Summer is winding down, and that means students are getting ready to head back to the classroom. The volleyball, football and cross-country teams are beginning their first practices, and us sports-writers of the world have nothing to do but sit and wait for their first contests.

So, before the nets are put up in the gym and the Friday night lights are flicked on, we thought we’d do a little something fun this week. It’s not exactly a new concept – sports shows often argue about this kind of stuff when there’s no sporting events going on to talk about. But the Mt. Rushmore game is fairly simple – pick a profession/sport, then name the four best people in that profession.

So we thought – what ‘if St. Ansgar had a Mt. Rushmore of its greatest coaches, and who would be on it’? Now, looking at the four we picked, I just don’t think you can exclude any of them from the ‘mountain’.

Now, there’s no right or wrong answers here. St. Ansgar has had a plethora of great teachers and coaches, and many also deserve to have their mugs carved into stone – but we can only pick four. So here are the four we picked, and why:

MERLYN THORSON

Thorson on the bench during the 1997 State basketball championship game. EJ file photo.

BOYS BASKETBALL

If there’s one name synonymous with St. Ansgar basketball, it has to be Merlyn Thorson. The teacher and coach spent 34 seasons leading the boy’s basketball squad, posting a record of 432 – 273.

Thorson lead the Saints to a whopping 10 conference and 3 district championships, including a state-runner up finish in 1997.

A great coach for many years, Thorson was also a tremendous St. Ansgar athlete himself in the mid-late 60s. His sophomore year, he hurt his hand so that summer he taught himself to shoot left-handed. “A player without a shot is like a soldier without a weapon,” Thorson would say.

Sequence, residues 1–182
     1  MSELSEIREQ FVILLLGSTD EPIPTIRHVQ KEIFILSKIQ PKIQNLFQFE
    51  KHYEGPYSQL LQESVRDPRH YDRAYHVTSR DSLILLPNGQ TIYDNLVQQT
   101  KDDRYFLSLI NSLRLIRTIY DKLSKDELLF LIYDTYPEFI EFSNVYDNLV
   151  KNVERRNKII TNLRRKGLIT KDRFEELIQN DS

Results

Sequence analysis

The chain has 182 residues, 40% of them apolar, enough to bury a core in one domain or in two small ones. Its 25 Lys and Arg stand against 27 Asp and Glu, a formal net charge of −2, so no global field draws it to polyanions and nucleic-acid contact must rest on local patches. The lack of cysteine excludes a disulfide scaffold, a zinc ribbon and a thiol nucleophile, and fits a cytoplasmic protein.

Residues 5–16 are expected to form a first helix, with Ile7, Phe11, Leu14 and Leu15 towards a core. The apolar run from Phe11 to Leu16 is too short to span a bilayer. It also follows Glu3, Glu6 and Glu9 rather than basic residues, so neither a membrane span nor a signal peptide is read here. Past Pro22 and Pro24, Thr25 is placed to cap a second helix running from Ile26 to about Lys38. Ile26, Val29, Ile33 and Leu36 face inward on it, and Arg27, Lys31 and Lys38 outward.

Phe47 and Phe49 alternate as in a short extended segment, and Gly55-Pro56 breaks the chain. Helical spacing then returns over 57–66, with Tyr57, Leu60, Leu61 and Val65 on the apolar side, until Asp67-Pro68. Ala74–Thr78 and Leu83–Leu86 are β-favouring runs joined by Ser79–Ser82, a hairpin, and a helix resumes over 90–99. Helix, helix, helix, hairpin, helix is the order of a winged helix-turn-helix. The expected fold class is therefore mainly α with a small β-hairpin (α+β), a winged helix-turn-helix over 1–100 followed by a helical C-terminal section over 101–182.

“It was an emotional victory for the team, coaches, parents and the fans who filled the gym an hour before the game started. Celebration filled the gym bringing brilliant smiles, shouts of exhilaration, tears of joy and a long awaited net-cutting ceremony. With glistening eyes, head coach Merlyn Thorson said simply, “We did it.”  Yes they did. Thorson was given the honor of cutting the last string of net from the hoop. He raised it above his head and everyone on the gym floor began cheering.”

– From the EJ, Mar. 13, 1997, after defeating Algona to advance to the state tournament.

TOM TOWNSEND

Townsend in the huddle during the 2001 state girls basketball championship game. EJ file photo.

GIRLS BASKETBALL

It must have sucked playing girls basketball in the Cornbowl Conference during the 1990s and early 2000s. Unless you were a Saint, that is.

In the decade when girls basketball switched from 6 on 6 games to 5 on 5, St. Ansgar was the team to beat in the area, with Coach Townsend leading St. Ansgar to 7 conference championships in the ten years from 1991-2001.

St. Ansgar also made four straight state tournament appearances from 1997-2001, finishing runner-up in the final year of that run.

Townsend owns a 257- 120 record coaching the Saints, winning an impressive 68 percent of his games coached. Even after stepping down from his head coaching duties, he’s sort of become St. Ansgar’s resident expert when it comes to sports – whether that be coming back for stints as an assistant coach, teaching his signature match-up zone defense, or helping out with the golf team.